In an article that just appeared in Nature Materials, a team of researchers from the Georgia Institute of Technology, the Helmholtz-Zentrum Berlin, Humboldt-Universität zu Berlin, and Princeton University demonstrates a new approach towards n-doping of organic semiconductors, which allows bypassing the dopant sensitivity to the ambient and simultaneously enables doping organic electron transport materials that have been out of reach for n-doping so far. The first step of innovation lies in chemically connecting two organometallic molecular dopants in a dimer that is stable even in air, with reduced ability to dope organic electron transport semiconductors. Consequently, when mixing these into the organic semiconductor, nothing happens at first. The revolutionary step now involves illuminating the mixture with light. A dimer and a semiconductor molecule in immediate proximity absorb a photon, the dimer can dissociate and unfold the full doping power of each dopant in a multi-step process. “By this optical activation of dopants, we could enhance the conductivity of organic electron transport materials by five orders of magnitude. This boosts the efficiency of organic light emitting diodes and solar cells, using rather simple and technologically relevant processing.” says Prof. Antoine Kahn from Princeton University, who coordinated the project. The choice of the article’s title is explained by Prof. Seth Marder from Georgia Tech: “This doping is actually beyond the thermodynamic limit of what the dopant should be able to do, thus once the light is turned off one might naively expect the reverse reaction to occur (rapidly, within seconds perhaps) and the conductivity increase to disappear. However, this is not the case. The reason for this is that the doping process involves multiple steps, and the back-reaction to the starting system involves many uphill intermediate steps creating a kinetic barrier, thus the reverse reaction is extremely slow.” Indeed, no indications of a loss in conductivity upon light-activation after hundreds of hours were found. For these reasons, the compounds are referred to as “hyper-reductants”. The fact that the team demonstrated the beneficial effect of their doped electron transport semiconductors in highly efficient light emitting diodes underlines the huge potential of this approach in device applications. “We believe that our work enables simple processing of n-doped organic semiconductors in numerous device architectures, where the critical step - doping activation - can take place after standard device encapsulation. This will contribute substantially to improved device lifetime and in some case simplify device fabrication.” notes Prof. Norbert Koch from Humboldt-Universität, member of IRIS Adlershof. The work was part of a project within the strategic partnership program of Princeton University and Humboldt-Universität.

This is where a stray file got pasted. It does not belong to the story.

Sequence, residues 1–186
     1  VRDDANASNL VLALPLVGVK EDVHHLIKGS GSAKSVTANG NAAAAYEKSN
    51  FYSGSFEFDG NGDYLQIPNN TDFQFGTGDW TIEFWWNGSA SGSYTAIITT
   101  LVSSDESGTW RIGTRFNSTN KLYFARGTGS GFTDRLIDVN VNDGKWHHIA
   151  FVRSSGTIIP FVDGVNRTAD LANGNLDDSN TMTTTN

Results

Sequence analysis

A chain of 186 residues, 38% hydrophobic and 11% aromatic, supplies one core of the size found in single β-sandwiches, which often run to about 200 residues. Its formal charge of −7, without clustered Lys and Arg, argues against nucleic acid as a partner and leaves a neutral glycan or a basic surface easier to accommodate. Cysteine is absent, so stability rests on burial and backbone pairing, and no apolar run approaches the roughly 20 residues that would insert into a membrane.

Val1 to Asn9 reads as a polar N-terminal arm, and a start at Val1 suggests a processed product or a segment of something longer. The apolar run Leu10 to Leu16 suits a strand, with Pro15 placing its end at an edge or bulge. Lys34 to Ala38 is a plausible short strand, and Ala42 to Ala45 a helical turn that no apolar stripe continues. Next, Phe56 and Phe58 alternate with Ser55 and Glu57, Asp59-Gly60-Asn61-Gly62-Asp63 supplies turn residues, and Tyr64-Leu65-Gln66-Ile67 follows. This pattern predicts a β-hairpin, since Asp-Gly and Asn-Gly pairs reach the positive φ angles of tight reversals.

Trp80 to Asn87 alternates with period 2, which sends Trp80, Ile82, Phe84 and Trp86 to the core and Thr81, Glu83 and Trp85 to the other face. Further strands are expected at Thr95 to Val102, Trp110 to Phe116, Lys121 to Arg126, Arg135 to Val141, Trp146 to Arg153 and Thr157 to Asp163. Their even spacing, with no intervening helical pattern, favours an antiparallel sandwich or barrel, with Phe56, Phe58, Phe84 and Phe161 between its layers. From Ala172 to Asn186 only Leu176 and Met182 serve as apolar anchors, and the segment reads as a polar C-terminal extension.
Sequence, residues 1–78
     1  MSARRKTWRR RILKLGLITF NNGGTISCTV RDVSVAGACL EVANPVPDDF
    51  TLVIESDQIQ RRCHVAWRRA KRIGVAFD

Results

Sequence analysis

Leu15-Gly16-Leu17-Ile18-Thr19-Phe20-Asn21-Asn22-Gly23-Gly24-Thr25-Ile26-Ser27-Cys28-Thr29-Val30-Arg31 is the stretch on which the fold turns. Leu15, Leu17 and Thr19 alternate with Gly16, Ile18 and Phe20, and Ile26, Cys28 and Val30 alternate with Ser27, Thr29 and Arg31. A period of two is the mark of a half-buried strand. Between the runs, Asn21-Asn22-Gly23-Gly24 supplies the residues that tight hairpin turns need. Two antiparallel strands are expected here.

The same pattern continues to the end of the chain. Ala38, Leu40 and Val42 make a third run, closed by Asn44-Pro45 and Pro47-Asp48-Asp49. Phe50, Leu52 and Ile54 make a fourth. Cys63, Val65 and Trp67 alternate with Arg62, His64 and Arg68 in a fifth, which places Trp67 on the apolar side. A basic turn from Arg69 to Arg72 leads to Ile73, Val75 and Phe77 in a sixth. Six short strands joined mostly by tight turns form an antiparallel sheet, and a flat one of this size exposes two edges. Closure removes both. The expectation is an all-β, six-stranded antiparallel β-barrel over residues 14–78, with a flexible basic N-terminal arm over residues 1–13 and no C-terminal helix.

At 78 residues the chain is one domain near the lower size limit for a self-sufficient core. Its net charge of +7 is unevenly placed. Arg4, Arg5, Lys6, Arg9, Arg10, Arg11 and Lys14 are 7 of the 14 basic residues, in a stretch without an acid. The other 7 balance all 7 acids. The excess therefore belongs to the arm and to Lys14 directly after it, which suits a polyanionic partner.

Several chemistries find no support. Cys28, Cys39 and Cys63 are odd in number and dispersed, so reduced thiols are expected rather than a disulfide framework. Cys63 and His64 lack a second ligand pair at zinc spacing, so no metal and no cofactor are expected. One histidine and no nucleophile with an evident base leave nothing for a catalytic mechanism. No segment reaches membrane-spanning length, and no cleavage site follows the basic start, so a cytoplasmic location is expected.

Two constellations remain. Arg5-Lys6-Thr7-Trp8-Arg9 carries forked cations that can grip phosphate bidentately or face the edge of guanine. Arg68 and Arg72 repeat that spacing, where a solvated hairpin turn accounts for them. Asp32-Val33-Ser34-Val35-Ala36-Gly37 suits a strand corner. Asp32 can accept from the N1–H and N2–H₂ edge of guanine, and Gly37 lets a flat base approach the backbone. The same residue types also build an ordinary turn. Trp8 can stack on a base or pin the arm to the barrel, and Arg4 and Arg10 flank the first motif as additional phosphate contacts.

Beating the thermodynamic limit with photo-activation of n-doping in organic semiconductors using “hyper-reductants” X. Lin, B. Wegner, K.M. Lee, M.A. Fusella, F. Zhang, K. Moudgil , B.P. Rand, S. Barlow, S.R. Marder, N. Koch, A. Kahn Nature Materials 16 (2017)1209
Spiro-Bridged Ladder-Type Oligo(para-phenylene)s:
Fine Tuning Solid State Structure and Optical Properties
In this recent research highlight the authors developed synthetic routes that allow to subsequently replace every pair of symmetry-equivalent alkyl groups in ladder-type quaterphenyl by a spiro-bifluorene group. With an increasing number of spiro groups, the optical gap for absorption and emission slightly decreases, which is disadvantageous with respect to resonant energy transfer with ZnO. Thus, a synthetic route to a para-linked ladder-type quaterphenyl carrying all bridging units on one side of the ribbon was developed, which results in an in-plane bending of the para-phenylene. The optival gap increased compared to the linear molecule, however, the absorption coefficient slightly decreased.
The authors analyzed the influence of different deposition techniques on the solid state structure by X-ray diffraction of single crystals obtained by crystallization from solution as well as sublimation. In the cases of L4P-sp2 and L4P-sp3, it could even be shown that sublimation and crystallization from solution result in different crystal structures, of which the ones from sublimation are obviously more relevant in view of the typically employed vacuum deposition and might be advantageous in terms of application in light-emitting devices.
An increasing number of spiro-bifluorene substituents was found to aid thin-film formation on oxide surfaces, such that the optical properties could be preserved in pure, nondiluted thin films.
Spiro-Bridged Ladder-Type Oligo(para-phenylene)s: Fine Tuning Solid State Structure and Optical Properties B. Kobin, J. Schwarz, B. Braun-Cula, M. Eyer, A. Zykov, S. Kowarik, S. Blumstengel, and S. Hecht Adv. Funct. Mater. 2017, 1704077 (2017)
Water makes the proton shake -
Ultrafast motions and fleeting geometries in proton hydration
Basic processes in chemistry and biology involve protons in a water environment. Water structures accommodating protons and their motions have so far remained elusive. Applying ultrafast vibrational spectroscopy, Dahms et al. map fluctuating proton transfer motions and provide direct evidence that protons in liquid water are predominantly shared by two water molecules. Femtosecond proton elongations within a hydration site are 10 to 50 times faster than proton hopping to a new site, the elementary proton transfer step in chemistry.